The Bankruptcy Process
Filing for bankruptcy involves extensive paperwork and court proceedings. Here are some of the key steps if you move forward with a bankruptcy case:
- Complete pre-filing credit counseling
- Gather information about all debts, income, assets, and expenses
- File the voluntary bankruptcy petition and other forms
- Attend the meeting of creditors where you’ll be questioned under oath
- Complete a debtor education course
- Receive discharge of eligible debt upon case completion
Throughout the process, you’ll be required to fully disclose all debts and financial circumstances, including any medical debt. Attempting to conceal assets or debt is illegal.
Pros of Filing Bankruptcy for Medical Debt
There are some potential benefits to using bankruptcy to deal with medical debt:
- Medical bills and other dischargeable debts can be reduced or eliminated
- Foreclosures, vehicle repossessions, wage garnishment, and debt collection calls are halted
- You get powerful legal protections under the automatic stay
- Interest and penalties stop accruing on dischargeable debts
- You get a fresh financial start after bankruptcy completion
For many people crushed under medical expenses they have no way to pay, bankruptcy can provide a light at the end of the tunnel. It’s a chance to rebuild financial health.
Cons of Using Bankruptcy for Medical Debt
There are also some potential drawbacks to filing bankruptcy:
- Bankruptcy can stay on your credit report for 7-10 years, harming credit scores
- You may have to give up property if you can’t keep up with secured debt payments
- Certain debts like student loans and alimony cannot be discharged
- You must disclose all income and expenses – bankruptcy fraud is illegal
- You may face higher costs to access credit after bankruptcy
- There are legal fees, court costs, and trustee fees to file bankruptcy
For those with assets they want to keep or good credit scores, bankruptcy could do more harm than good. Weighing the pros and cons carefully for your specific situation is key.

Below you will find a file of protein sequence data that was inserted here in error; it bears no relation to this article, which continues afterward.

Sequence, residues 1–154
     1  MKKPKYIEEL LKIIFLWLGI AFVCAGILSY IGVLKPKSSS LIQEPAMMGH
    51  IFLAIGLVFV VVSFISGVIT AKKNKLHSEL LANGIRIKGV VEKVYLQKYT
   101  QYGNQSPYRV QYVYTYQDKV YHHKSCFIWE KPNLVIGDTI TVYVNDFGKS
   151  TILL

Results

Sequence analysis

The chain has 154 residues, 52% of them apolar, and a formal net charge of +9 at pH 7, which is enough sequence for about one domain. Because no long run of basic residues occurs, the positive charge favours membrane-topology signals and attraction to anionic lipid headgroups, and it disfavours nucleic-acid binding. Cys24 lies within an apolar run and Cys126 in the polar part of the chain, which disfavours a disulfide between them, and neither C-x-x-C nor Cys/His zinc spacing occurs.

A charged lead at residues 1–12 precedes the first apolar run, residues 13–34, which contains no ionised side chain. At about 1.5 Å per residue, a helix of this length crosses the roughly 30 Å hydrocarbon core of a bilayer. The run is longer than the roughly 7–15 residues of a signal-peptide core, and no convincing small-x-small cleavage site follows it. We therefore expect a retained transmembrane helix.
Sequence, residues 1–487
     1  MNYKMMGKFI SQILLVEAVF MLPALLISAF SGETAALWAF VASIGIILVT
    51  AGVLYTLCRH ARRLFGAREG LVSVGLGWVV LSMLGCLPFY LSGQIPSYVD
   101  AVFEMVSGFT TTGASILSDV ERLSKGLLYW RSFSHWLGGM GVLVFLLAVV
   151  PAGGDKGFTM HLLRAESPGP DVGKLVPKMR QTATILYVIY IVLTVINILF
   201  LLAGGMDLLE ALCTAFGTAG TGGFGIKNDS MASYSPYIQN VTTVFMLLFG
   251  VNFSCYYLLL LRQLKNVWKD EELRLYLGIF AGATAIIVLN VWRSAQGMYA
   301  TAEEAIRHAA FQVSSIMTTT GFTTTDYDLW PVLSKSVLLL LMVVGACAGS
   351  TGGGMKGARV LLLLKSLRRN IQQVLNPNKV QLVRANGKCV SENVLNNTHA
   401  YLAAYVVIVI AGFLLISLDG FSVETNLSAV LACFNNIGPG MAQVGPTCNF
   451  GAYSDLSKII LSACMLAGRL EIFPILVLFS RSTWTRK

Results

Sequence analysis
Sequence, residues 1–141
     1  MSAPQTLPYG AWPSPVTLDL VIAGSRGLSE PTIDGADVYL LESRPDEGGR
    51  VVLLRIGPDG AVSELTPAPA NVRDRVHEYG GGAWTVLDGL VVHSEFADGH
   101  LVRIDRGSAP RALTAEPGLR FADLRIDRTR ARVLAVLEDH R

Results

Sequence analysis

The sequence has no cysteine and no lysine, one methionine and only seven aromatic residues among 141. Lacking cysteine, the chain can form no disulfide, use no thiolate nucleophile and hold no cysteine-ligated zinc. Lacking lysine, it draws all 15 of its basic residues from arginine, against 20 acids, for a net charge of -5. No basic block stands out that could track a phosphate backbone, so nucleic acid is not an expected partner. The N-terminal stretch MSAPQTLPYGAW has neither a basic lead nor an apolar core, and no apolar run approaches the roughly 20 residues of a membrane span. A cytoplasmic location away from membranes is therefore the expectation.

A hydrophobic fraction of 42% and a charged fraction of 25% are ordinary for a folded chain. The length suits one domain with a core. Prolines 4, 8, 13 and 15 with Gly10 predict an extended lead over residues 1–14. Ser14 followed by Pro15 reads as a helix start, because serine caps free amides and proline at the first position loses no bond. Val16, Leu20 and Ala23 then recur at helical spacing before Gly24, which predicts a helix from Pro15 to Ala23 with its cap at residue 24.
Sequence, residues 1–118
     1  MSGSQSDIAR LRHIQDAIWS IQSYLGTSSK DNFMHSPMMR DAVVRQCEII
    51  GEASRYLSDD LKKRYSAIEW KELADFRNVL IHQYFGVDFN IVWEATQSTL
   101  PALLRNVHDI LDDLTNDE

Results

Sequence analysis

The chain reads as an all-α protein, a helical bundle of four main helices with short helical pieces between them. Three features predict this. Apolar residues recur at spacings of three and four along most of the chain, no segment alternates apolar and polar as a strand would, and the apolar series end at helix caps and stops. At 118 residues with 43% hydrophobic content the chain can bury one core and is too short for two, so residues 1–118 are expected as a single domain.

Alternatives to Bankruptcy
Bankruptcy is a major, life-altering decision that remains on your record for years. Before taking this step, be sure to explore all alternatives:
- Ask providers for discounts, payment plans, or forgiveness programs
- Consider debt management or credit counseling services
- Explore options to consolidate debt into a lower payment
- Cut expenses and increase income to put more towards debt
- Negotiate directly with creditors to reduce or waive interest
If your financial situation is temporary, these options could potentially help you get back on track without bankruptcy. But if you have very high medical debt relative to income, bankruptcy may be your best chance for a fresh start.
Talk to a Bankruptcy Attorney
Because bankruptcy is such a significant undertaking, it’s essential to understand how it works and make sure it’s the right choice for your unique situation. Speaking with a qualified bankruptcy attorney in your state can provide the legal guidance needed to make an informed decision.
An attorney can analyze your full financial picture, explain what debts can and can’t be discharged, recommend whether to file Chapter 7 or 13 based on your circumstances, and walk you through every step of the bankruptcy process. They will help ensure your rights are protected so you can get the maximum fresh start.
Don’t struggle alone with overwhelming medical bills. A bankruptcy attorney can advise if this path could provide you the financial relief you need to move forward.